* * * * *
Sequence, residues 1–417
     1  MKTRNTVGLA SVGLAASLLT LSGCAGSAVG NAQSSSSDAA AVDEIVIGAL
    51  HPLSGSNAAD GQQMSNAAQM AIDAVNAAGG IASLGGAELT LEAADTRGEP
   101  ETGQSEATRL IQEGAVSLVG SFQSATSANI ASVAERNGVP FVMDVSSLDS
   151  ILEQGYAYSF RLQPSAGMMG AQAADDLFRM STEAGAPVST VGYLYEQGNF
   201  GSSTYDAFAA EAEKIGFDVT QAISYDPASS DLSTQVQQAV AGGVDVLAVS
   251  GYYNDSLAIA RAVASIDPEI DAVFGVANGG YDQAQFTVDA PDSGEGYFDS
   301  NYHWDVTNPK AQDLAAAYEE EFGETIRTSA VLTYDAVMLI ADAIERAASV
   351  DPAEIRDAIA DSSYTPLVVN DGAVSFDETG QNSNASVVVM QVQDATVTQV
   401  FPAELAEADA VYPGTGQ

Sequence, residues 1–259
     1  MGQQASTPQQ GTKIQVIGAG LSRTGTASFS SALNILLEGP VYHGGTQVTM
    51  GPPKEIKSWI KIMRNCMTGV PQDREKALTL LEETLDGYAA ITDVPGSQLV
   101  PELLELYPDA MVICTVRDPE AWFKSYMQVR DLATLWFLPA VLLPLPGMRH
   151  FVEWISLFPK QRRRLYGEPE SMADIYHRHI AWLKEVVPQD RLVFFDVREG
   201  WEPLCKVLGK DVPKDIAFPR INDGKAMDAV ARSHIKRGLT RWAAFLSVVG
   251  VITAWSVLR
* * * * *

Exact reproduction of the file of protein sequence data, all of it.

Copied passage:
Sequence, residues 1–417
     1  MKTRNTVGLA SVGLAASLLT LSGCAGSAVG NAQSSSSDAA AVDEIVIGAL
    51  HPLSGSNAAD GQQMSNAAQM AIDAVNAAGG IASLGGAELT LEAADTRGEP
   101  ETGQSEATRL IQEGAVSLVG SFQSATSANI ASVAERNGVP FVMDVSSLDS
   151  ILEQGYAYSF RLQPSAGMMG AQAADDLFRM STEAGAPVST VGYLYEQGNF
   201  GSSTYDAFAA EAEKIGFDVT QAISYDPASS DLSTQVQQAV AGGVDVLAVS
   251  GYYNDSLAIA RAVASIDPEI DAVFGVANGG YDQAQFTVDA PDSGEGYFDS
   301  NYHWDVTNPK AQDLAAAYEE EFGETIRTSA VLTYDAVMLI ADAIERAASV
   351  DPAEIRDAIA DSSYTPLVVN DGAVSFDETG QNSNASVVVM QVQDATVTQV
   401  FPAELAEADA VYPGTGQ

Sequence, residues 1–259
     1  MGQQASTPQQ GTKIQVIGAG LSRTGTASFS SALNILLEGP VYHGGTQVTM
    51  GPPKEIKSWI KIMRNCMTGV PQDREKALTL LEETLDGYAA ITDVPGSQLV
   101  PELLELYPDA MVICTVRDPE AWFKSYMQVR DLATLWFLPA VLLPLPGMRH
   151  FVEWISLFPK QRRRLYGEPE SMADIYHRHI AWLKEVVPQD RLVFFDVREG
   201  WEPLCKVLGK DVPKDIAFPR INDGKAMDAV ARSHIKRGLT RWAAFLSVVG
   251  VITAWSVLR